NEW YORK (
) -- If Mr. Information Age and I ever do a face-to-face, I'm going to ask him exactly this: What is up with all the %^$&*#! failing? I'm not talking about the honest, big-time, systemic failure: Say, the
Bob or the
Newton or the Internet itself.
But what gives with the otherwise reasonably engineered gadget that, oh sorry, just flat out stops working? Like my demo
Galaxy Note, which I loved until it cracked. Or my assistant's iPhone, which both shattered its screen and crashed. Or my wife's
Droid, which ground to a halt not once, not twice, but three times over three separate units.
The thing is, it's not like every digital thing breaks. Plenty of gizmos have chugged along just fine standing up to a skeptic's bashing, crashing and dropping, and as investors head off for some much needed August R&R, here are those that have made the grade here.
Big note: Read it and weep, Apple fanboys, but it's been a bad six months for Cupertino here in Blumworld. No Apple technology is truly tough enough these days.
The list starts here:
Hydro XTRM waterproof smartphone
$29 with a two year plan, U.S. Cellular
There may be other ways to get a legit, rugged, water- and shock-proof phone into your life.
, Samsung and others most definitely make such devices. But the
Kyocera Hydro line
is the category winner for low cost, ease of use and minimal bulk. Hardcore, ruggedized device nerds will sniff at the Hydro; it's far from truly tip-top tough. Drop or drown it enough and it does break. And mainstream users will miss high-end features such as bigger processors and a slick camera -- not to mention the fact the Hydro gets physically hot in your pocket under some conditions. But your $30 can't buy a better tough phone.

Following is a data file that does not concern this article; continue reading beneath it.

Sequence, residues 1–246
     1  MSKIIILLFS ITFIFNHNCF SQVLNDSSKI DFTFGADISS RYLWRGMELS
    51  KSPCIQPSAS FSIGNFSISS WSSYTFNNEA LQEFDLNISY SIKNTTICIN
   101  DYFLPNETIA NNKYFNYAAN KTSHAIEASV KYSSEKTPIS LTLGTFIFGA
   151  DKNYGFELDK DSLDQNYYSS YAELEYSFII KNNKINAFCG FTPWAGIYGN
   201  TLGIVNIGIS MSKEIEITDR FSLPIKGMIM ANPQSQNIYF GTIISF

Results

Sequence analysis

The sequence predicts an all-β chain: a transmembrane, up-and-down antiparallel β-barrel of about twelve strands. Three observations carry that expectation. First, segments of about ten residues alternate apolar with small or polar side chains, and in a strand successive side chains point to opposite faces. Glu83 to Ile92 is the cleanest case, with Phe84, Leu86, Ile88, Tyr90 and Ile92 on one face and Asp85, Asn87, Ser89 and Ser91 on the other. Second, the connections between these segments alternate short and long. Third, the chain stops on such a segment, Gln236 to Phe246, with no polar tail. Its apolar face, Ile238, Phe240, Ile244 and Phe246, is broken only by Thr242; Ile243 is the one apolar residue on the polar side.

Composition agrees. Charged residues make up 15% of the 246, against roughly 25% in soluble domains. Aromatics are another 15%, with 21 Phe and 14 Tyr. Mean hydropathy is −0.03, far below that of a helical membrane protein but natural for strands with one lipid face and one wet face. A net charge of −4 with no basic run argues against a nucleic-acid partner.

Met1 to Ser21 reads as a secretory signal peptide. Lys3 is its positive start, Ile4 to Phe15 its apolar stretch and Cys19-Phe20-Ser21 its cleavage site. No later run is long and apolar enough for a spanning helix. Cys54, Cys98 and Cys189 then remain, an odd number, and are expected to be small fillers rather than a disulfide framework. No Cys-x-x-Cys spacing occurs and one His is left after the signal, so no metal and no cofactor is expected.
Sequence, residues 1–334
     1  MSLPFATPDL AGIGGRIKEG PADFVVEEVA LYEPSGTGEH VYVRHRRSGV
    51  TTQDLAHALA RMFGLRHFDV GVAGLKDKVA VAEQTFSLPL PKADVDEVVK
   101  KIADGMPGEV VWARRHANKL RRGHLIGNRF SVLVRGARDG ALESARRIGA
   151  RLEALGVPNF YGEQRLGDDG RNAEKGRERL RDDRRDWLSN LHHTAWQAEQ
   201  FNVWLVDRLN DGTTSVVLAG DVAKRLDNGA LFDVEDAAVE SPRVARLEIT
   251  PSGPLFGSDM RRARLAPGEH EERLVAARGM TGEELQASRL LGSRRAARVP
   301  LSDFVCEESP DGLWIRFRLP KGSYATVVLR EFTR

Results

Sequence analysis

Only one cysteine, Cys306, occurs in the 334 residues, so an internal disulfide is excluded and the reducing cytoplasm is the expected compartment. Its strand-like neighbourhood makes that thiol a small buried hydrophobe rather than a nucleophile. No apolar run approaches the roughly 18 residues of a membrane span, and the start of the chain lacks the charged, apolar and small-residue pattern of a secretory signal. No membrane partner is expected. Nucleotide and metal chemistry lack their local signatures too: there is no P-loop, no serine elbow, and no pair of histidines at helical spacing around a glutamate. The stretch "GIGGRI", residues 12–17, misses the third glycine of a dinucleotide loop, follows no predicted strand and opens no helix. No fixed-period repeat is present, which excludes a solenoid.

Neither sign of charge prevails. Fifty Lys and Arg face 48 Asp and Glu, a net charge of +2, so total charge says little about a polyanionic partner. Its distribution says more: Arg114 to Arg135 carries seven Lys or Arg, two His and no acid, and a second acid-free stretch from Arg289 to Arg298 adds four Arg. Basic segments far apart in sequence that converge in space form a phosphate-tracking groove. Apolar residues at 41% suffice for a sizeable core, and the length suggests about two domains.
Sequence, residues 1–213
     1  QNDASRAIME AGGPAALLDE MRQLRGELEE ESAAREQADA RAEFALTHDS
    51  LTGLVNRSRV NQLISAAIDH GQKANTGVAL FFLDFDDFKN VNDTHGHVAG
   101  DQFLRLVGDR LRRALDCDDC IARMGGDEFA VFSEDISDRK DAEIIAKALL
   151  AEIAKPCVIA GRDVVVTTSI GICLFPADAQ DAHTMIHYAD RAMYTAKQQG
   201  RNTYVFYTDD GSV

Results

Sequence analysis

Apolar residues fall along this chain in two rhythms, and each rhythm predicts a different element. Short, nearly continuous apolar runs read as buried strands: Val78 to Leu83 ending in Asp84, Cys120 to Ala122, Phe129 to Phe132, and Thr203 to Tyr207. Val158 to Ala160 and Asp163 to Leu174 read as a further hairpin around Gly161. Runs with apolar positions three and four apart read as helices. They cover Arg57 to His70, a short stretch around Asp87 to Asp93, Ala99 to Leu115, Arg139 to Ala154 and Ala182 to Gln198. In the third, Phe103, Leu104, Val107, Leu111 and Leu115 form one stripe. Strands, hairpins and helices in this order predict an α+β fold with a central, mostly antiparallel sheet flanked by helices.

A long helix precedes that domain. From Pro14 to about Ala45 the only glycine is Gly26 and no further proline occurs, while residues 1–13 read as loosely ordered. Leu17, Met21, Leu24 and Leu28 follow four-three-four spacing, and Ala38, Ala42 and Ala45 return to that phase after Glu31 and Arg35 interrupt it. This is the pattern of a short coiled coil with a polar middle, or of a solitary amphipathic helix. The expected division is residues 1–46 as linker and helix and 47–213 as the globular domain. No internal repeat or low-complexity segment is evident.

Inside tip: U.S. Cellular offers reasonable voice and data service for this device.
BlackBerry( RIMM) Z10
($99 with a two year contract at
The poor BlackBerry Z10. It gets hammered for its design. It gets hammered for its operating system. It gets hammered for getting hammered. Then it turns out the upside here is that it's the durable mobile device for the everyman. With no additional protective case, this rubberized, moderately reinforced smartphone is a survivor among mainstream devices. I literally forgot it in the front pocket of my daily carry bag for months, where it was rained on, smashed, loaded into overseas stowed luggage and soaked by some unexpected Venetian
(or high tide). For a nominally normal, nonruggedized device, this is one tough phone.
If you can deal with the BlackBerry OS experience and limited apps, for a phone of this size and performance -- and that includes models such as the iPhone 5 -- this is absolutely the phone to get if durability is a factor.
, unlocked ($599, without a service plan)
Not only is the One jammed with luscious large-smartphone features, including simply awesome imaging, excellent music and media oomph and a screen we can actually read; it's crafted out of a solid full-metal case with a scratch-resistant screen. Please(!), do not plan on hammering the One -- it's nowhere near as durable as, say, the Kyocera. But it has just enough guts to change the calculus of where you dare tote a device of this complexity. That makes it ideal for global travel.